I was very interested to see James Allen write about what Frank Dernie thinks about this — that’s it’s a load of old cobblers. I have felt for a while that the argument that aerodynamics damage the racing does not hold water. On a Renault podcast a couple of years ago, Pat Symonds pointed out that the races that have the most overtaking, as everyone knows, are wet races. In the wet, aerodynamic grip is ramped up, and mechanical grip plummets.
When you think about it, it’s so right. It does amaze me that, in the face of so much hard evidence to the contrary, people still blame aerodynamics for the poor racing. I have come to the conclusion that many people’s views on the overtaking problem are shaped largely by fashion and spin rather than the evidence.
Speaking personally, I love seeing what sorts of devices teams come up with. We have all been fascinated by McLaren’s “F-duct” (even though it seems to have done them “F-all” good). Neutering these sorts of areas is the first step on the slippery slope towards spec chassis. And then it just wouldn’t be F1 any more.
I am not totally averse to restricting the cars though. Formula 1 is, after all, a formula — it always has been.
I am no engineer, but it strikes me that F1 cars are simply too fast to allow for much overtaking. In particular, the brakes on F1 cars are so good today that there is little opportunity for a driver to perform an outbraking manoeuvre. With such small braking zones, the scope just isn’t there in the same way it might have been in the past. Is somehow reducing the power of the brakes a viable option?
Bernie Ecclestone has also sought to blame the points system for the lack of overtaking, and the system has accordingly been tweaked. I personally think there is something in this. The points system rewards conservatism.
Think about instances where a driver attempting to overtake faces a 50-50 situation (or, more accurately, a ⅓-⅓-⅓ situation). By this I mean that there is a ⅓ chance that a clean pass will be made and a position will be gained, a ⅓ chance that an attempt will be made but will fail, and a ⅓ that the move will go wrong and end in a crash. (Obviously this is a major simplification of the real-life scenario, but I think this “50-50″ thought experiment still underlines an interesting point.)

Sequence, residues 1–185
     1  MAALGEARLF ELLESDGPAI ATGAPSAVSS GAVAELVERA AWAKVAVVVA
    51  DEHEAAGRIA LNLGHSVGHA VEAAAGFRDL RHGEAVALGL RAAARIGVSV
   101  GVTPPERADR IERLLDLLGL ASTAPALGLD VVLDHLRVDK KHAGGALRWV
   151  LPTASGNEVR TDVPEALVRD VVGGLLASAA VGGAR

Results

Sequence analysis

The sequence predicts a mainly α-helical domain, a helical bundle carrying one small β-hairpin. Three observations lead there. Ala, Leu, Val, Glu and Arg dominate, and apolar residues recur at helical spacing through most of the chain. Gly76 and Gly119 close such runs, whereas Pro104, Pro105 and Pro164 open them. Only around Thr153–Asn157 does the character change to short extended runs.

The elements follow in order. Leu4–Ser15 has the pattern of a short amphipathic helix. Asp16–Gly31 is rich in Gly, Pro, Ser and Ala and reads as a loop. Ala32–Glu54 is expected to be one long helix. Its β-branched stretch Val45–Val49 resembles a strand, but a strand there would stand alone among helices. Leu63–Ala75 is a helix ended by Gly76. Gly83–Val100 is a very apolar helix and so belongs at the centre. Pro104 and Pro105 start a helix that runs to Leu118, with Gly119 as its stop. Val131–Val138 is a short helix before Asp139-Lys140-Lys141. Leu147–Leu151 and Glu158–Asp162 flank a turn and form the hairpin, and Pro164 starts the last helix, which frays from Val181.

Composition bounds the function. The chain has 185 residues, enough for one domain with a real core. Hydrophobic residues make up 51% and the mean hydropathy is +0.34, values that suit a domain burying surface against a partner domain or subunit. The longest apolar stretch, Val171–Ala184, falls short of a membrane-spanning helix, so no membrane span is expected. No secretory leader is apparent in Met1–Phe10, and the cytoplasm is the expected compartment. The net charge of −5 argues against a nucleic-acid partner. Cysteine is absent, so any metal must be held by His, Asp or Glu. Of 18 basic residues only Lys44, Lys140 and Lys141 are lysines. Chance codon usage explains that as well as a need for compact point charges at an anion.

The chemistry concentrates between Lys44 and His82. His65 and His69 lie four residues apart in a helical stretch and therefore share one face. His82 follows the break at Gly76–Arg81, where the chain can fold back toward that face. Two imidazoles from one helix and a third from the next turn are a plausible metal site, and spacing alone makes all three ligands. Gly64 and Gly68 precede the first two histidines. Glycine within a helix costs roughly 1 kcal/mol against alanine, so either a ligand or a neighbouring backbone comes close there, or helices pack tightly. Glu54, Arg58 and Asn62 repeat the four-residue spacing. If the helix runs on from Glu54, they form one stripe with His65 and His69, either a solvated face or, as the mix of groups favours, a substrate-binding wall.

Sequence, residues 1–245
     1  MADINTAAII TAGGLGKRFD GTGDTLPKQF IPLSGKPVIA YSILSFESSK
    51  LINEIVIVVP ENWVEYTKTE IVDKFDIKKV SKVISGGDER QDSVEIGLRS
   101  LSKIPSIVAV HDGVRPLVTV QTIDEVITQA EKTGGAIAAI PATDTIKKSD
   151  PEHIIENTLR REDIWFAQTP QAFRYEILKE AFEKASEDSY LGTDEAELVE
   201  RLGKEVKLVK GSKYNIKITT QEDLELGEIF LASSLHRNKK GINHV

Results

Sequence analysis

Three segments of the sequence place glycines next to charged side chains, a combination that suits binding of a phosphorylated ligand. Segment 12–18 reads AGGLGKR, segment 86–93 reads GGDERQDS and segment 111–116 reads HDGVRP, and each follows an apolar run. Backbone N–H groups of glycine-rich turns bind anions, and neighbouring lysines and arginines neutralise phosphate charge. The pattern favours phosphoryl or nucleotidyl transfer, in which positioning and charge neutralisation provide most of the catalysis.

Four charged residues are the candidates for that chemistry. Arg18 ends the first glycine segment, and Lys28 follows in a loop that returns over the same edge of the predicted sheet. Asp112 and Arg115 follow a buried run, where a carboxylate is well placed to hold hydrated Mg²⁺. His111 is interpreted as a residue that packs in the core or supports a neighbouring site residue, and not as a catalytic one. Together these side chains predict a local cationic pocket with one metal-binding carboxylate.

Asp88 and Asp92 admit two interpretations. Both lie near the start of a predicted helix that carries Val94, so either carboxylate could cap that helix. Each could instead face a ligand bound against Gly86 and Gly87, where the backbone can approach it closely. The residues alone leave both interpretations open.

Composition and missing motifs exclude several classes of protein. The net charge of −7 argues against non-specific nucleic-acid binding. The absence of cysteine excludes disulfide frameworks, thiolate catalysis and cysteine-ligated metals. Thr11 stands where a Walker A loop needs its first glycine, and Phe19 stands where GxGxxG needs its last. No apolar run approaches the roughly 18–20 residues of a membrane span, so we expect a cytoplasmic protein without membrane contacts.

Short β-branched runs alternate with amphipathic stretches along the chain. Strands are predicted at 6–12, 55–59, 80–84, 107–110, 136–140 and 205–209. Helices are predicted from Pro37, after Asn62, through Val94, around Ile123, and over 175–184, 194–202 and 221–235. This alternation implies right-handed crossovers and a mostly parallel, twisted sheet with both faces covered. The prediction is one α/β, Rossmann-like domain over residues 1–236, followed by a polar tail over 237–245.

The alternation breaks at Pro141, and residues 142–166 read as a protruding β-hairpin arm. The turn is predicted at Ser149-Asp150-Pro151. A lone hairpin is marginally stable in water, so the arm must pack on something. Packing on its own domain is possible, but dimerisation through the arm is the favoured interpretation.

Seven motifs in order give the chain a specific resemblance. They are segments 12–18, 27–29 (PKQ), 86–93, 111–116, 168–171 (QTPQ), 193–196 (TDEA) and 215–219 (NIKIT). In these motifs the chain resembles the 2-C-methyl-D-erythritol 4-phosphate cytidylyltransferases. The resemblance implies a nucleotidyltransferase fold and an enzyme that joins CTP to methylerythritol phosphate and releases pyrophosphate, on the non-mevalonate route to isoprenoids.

Under last year’s scoring system, for a driver in second place trying to overtake the leader, this “⅓-⅓-⅓” situation would lead to an expected gain of… -2 points. Under the new points system, the expectation is -3⅔ (although as a percentage of the winner’s points haul, this is better). No wonder drivers can’t overtake. It’s not in their interests to even try unless they are practically left an open door.
This was the core reason why I was in fact, contrary to the fashion, in favour of Bernie’s proposed “medals” system. Then, attempting to gain a position would be unambiguously advantageous.
However, I think there would be much more to be gained in ensuring that circuits are more challenging and provide more in the way of opportunities to overtake. Nothing is certain. After all, Suzuka is normally entertaining, but produced a bit of a stinker last year. Sometimes it just doesn’t happen.
But we all know that certain circuits, in general, produce better racing than others. I really do struggle to think of any grand prix held at Interlagos that was boring. But I know not to expect much action at, say, Valencia or Shanghai. Or Bahrain for that matter.
We know this because teams and drivers will often turn up a circuit and say, “there is only a certain place you can overtake, and it’s here”. Adrian Newey, Sam Michael and Martin Whitmarsh are all in agreement. As the Williams technical director said:
You’ve got to ask yourself, why do you go to a race such as Barcelona where no one overtakes, and then take exactly the same cars to Monza, Montreal or Hockenheim and you get lots of overtaking.
And the McLaren team principal said:
You only need to do simple statistical analysis and look at where the overtaking moves are If, say, we race on 18 circuits with 350 corners, then 90 per cent of overtaking moves in a year would happen at just 10 corners… The fact that overtaking is focused on such a small number of corners clearly demonstrates that it’s circuit-dependent.
Ferrari and Renault went to Valencia in 2008 proclaiming that they know from their simulators that there would be little in the way of overtaking. Ferrari even based a fundamental decision about their engine on this prediction. And they were right.
But Bernie will not entertain the suggestion that the circuits are to blame. This is because, unlike the effort made by drivers or the aerodynamics or the strategy, this is the area that he is responsible for. And he doesn’t want to take responsibility for it.
The effect of adding a new slow, narrow, bumpy, twisty section that looks as though it was almost designed to prevent overtaking was predicted before the race began. Quite why the organisers of the grand prix thought it would be a good idea is beyond me.
GP2 world feed commentator Will Buxton saw the writing on the wall, and was left exasperated by the negative effect this different circuit configuration had on the GP2 racing. He predicted a similar negative effect on F1, and it transpired that he was right.